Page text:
Are You Making a Tough Situation Worse?
The job market is an odd place. There are times when things are good for people looking for work. There are more employers looking to hire people than there are job candidates looking to fill the vacancies. That doesn’t describe the current situation though, does it? Right now, there are a lot fewer jobs than there are people out of work looking to get into work. Even that is a pretty simplistic description of things. Even in the middle of a recession, there will be sectors of the job market that are thriving. Even in times of economic prosperity, there will be sectors that are going down the tubes.
When there are a lot fewer jobs available than there are people looking for work, the chances of being rejected when you apply are a lot higher than when the reverse is true. Not only that, but the number of candidates competing for those jobs also goes up, which further increases the chances of a rejection. The chances of landing any job that you apply for becomes that bit more unlikely and this is a reality that you have to come to terms with. Coming to terms with it is easier said than done when you’re battling with the frustration and the fear that goes with it.
And there’s something that makes the frustration even worse and it’s this:
It’s the not knowing whether the rejection was because the economic situation is so tough or because your application, or your performance at interview were not that impressive.
So, how do you move forward from a position like this? You’re never going to escape the stress entirely, but you can do a lot to relieve the worst of it if you can feel confident that you’re adopting the approach, the strategies that are most likely to increase your chances.
Let’s start with what is not going help.
- Don’t panic.
Going into panic mode prevents you from “thinking straight.” Going into panic mode makes you look for an easy way out, rather than seeking your best option.
- The Easy Way.
I came across a classic example of this only this morning when I was considering what I should write about today. Apparently, a lot of graduates are getting so fed up with being rejected that they are now registering for Masters degrees. According to the universities, they’re experiencing a 20% rise in the number of applications to study for a Masters. Does this make sense?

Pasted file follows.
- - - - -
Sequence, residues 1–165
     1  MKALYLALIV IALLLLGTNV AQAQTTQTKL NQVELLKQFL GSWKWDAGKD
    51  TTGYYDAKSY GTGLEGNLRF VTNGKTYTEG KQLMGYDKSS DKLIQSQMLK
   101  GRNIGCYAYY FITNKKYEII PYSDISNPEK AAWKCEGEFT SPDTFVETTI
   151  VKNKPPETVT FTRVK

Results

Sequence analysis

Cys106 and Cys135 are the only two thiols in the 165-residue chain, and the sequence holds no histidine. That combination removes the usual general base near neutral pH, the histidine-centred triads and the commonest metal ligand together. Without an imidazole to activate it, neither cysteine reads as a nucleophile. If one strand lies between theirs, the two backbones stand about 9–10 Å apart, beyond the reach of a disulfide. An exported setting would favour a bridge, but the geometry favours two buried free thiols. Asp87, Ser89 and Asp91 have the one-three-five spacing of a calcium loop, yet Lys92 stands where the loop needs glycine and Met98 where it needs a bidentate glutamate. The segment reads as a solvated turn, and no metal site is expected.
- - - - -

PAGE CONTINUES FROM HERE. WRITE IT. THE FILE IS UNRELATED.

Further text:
If your intention is to follow a career in research or in teaching, yes it does. If you’re enrolled for a Level 7 Degree Apprenticeship (the equivalent of a Masters Degree) and this was always part of your plan, it definitely does. However, if you’re enrolled for a course like that, you’re among the least likely to be facing the job rejection scenario. While there’s never any guarantee, the chances are that the employer who’s supplying that apprenticeship took you on with the intention of employing you full time when you completed it…and without advertising a vacancy to competitors who haven’t done the course!
If, on the other hand, your reason for applying is to escape the pain of further rejection, or to put off for another 12 months having to look again for a job, it makes very little sense beyond the temporary relief you may feel.
Don’t be tempted to apply for a Masters course just because someone else tells you it’s your best option. Ask them why they think that? Ask them what other options they considered before giving that advice. When people feel your pain with you, it’s only natural that they will want to give you advice based on what they know of the situation. Just be aware that it might not amount to very much!
You don’t need me to remind you how expensive any university degree course is going to be. I can almost guarantee that taking a Masters course will be the most expensive option you have.
- There’s a vital question you need to ask yourself.
That question is: “In what way is the action I take going to improve my prospects?”
Is taking a Masters going to increase the number of jobs out there? It isn’t is it? Is taking a Masters going to make you more attractive to employers? I know of no evidence that employers favour people who can put M.Sc. or M.A. after their names above those with a bachelor’s degree. Unless you’re planning to do research or to teach, a Masters Degree is more likely to label you as a perpetual student.
- What you need more than anything else…
…is peace of mind, some relief from the awful doubt that maybe you weren’t a very impressive candidate; wondering if you’re missing out more than is necessary.
There’s only one way you’re going to be helped to overcome that sort of worry. You need to talk to a career’s consultant, a coach who can help you improve the way you come across to employers. A careers consultant whom you learn to trust will also become the person you find you can turn to when the frustration really gets to you and you need to just yell at someone, cry on someone’s shoulder or whatever you do when you need to sound off to someone who cares.
Yes, but that is going cost me. Okay, it’s going to cost you. Is it going to cost as much as 12 months studying for a Masters? What’s it going to cost you emotionally not to have that support?
If you feel like yelling at someone…in sheer frustration, or having a good sob, without that first contact costing you anything at all, give me a ring or drop me a line. My contact number is 07795-288490 and my email address is firstname.lastname@example.org.
From “the coach who rocks” (student testimonial)